Avoid oversights in HIPAA risk management

Rich Curtiss, Director, Healthcare Cyber Risk Services, Coalfire

Since HIPAA regulations first came about in 1996, organizations have looked for ways to analyze and manage risk within this complex framework. Although guided by the HIPAA Security Rule as well as additional guidance from the U.S. Department of Health and Human Services (HHS) and Office for Civil Rights (OCR), healthcare entities and business associates still struggle with the cybersecurity risk analysis component.

Recent industry report summary

The recently released 2016/17 OCR HIPAA Audits Industry Report details common oversights that entities and associates make in compliance with certain provisions of the HIPAA Privacy, Security, and Breach Notification Rules. The findings included:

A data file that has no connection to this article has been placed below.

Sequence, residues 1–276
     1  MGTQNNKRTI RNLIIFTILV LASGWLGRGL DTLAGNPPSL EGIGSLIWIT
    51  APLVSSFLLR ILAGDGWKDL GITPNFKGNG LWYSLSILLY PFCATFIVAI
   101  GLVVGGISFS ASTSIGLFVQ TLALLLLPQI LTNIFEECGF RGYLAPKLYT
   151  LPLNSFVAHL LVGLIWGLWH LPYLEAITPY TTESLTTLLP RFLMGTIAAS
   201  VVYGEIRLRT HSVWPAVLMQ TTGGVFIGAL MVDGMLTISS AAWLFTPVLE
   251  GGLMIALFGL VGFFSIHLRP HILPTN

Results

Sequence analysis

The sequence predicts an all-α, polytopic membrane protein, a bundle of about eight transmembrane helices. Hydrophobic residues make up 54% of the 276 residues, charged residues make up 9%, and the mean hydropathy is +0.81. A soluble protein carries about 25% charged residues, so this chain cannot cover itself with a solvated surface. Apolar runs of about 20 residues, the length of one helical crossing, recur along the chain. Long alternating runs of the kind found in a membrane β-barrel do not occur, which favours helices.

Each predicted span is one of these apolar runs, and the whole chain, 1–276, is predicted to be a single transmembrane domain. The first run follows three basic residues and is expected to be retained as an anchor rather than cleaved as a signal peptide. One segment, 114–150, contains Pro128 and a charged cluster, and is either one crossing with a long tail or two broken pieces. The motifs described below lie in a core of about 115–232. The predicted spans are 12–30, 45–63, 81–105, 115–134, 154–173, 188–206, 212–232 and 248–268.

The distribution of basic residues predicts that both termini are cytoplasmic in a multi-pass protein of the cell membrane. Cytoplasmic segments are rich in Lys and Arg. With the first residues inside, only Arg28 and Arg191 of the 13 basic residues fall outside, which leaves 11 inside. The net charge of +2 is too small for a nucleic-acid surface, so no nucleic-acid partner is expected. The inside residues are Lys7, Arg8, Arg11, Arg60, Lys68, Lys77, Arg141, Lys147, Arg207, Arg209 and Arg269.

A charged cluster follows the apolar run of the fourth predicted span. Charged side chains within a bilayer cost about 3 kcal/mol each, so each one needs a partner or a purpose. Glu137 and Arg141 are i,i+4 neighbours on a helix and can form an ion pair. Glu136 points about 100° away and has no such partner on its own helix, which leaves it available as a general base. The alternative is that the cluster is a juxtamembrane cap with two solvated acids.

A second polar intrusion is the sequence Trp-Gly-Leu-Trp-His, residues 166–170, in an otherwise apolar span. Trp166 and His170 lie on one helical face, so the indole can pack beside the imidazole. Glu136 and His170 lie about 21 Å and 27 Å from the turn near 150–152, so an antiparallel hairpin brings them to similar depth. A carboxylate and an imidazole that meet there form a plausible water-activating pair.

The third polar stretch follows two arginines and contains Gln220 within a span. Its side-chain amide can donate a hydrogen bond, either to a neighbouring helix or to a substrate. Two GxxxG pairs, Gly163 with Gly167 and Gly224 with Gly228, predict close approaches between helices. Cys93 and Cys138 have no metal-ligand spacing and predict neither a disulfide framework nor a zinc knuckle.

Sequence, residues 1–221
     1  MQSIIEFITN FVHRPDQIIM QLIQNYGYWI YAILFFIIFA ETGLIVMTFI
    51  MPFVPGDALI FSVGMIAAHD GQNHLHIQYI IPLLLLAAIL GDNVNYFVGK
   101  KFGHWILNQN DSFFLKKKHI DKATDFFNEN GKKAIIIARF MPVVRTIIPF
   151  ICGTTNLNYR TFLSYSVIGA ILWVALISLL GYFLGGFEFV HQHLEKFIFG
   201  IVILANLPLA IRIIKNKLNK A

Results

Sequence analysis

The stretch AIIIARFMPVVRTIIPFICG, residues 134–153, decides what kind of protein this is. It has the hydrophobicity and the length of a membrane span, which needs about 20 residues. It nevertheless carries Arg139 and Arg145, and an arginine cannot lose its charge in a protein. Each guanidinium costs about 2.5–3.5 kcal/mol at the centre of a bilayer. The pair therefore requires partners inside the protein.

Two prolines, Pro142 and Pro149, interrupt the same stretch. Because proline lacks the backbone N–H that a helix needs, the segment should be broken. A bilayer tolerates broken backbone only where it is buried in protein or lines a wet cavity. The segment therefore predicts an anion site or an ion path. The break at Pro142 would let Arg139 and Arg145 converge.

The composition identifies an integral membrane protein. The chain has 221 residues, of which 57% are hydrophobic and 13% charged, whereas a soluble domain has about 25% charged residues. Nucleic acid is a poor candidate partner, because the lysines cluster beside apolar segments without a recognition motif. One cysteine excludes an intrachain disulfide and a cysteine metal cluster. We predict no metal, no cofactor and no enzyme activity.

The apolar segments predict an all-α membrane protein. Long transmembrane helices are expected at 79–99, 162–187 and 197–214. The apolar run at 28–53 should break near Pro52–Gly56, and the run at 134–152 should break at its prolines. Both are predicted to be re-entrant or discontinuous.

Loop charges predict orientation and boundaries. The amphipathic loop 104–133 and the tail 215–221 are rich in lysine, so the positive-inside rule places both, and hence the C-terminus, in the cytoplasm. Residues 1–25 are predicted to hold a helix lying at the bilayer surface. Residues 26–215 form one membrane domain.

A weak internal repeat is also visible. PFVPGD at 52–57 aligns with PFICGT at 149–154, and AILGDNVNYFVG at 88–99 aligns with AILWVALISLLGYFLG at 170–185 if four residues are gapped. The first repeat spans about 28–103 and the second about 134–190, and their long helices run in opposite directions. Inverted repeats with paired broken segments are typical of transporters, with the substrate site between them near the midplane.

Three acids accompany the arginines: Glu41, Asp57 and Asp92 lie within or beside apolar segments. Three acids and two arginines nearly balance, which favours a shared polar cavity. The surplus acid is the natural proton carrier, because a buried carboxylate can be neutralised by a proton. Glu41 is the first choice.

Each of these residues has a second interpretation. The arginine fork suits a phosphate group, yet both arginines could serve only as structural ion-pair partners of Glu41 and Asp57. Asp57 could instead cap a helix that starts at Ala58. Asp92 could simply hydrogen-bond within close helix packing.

• The struggle is real. Consistent with the findings of the Phase 1 audits, covered entities still struggle to implement the Security Rule’s requirements of risk analysis and risk management.
  • No risk requirement implementation. Most covered entities and business associates did not implement the HIPAA Security Rule requirements for risk analysis and risk management.
  • Entities struggled to:
    • Identify and assess the risks to all of the electronic Protected Health Information (ePHI) in their possession.
    • Develop and implement policies and procedures for conducting a risk analysis.
    • Identify threats and vulnerabilities, to consider their potential likelihoods and impacts, and to rate the risk to ePHI.
    • Review and periodically update a risk analysis in response to changes in the environment and/or operations, security incidents, or occurrence of a significant event.
    • Conduct risk analysesconsistent with policies and procedures.
  • Documentation of effort. Another common challenge was documenting efforts to develop, maintain, and update policies and procedures, and then use them to conduct risk analyses.